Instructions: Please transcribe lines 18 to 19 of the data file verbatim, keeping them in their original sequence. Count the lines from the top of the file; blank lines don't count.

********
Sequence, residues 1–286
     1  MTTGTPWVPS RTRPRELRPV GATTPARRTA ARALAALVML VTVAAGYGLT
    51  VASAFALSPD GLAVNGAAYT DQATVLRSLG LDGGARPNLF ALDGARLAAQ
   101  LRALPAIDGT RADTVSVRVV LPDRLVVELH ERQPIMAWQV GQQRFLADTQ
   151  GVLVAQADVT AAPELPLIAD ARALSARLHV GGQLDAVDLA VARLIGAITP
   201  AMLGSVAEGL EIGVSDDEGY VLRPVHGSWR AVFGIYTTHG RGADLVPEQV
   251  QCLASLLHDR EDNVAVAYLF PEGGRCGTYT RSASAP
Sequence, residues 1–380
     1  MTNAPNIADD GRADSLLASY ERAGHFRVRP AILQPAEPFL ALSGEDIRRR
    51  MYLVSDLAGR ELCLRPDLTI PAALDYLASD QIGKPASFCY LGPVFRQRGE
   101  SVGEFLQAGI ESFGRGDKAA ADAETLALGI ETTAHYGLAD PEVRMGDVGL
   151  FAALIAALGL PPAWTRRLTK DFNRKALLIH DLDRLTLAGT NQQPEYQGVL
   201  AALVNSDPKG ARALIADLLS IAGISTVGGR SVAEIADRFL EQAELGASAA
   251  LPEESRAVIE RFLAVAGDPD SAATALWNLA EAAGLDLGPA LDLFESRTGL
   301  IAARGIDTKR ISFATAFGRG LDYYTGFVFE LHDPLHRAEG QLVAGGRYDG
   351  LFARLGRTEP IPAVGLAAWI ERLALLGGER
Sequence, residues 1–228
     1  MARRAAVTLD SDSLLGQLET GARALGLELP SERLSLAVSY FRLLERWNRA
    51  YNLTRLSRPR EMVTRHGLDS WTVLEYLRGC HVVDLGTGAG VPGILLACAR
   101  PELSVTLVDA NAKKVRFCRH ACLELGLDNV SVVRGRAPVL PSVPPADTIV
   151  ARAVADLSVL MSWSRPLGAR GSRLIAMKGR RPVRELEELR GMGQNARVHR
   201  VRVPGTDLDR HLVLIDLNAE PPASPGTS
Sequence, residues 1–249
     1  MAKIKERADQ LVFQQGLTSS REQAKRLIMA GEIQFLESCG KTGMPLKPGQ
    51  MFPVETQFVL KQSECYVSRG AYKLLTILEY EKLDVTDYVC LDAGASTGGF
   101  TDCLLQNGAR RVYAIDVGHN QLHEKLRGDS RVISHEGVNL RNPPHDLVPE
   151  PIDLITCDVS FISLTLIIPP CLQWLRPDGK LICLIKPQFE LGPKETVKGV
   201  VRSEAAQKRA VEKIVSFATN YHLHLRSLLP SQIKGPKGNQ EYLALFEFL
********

     1  MARRAAVTLD SDSLLGQLET GARALGLELP SERLSLAVSY FRLLERWNRA
    51  YNLTRLSRPR EMVTRHGLDS WTVLEYLRGC HVVDLGTGAG VPGILLACAR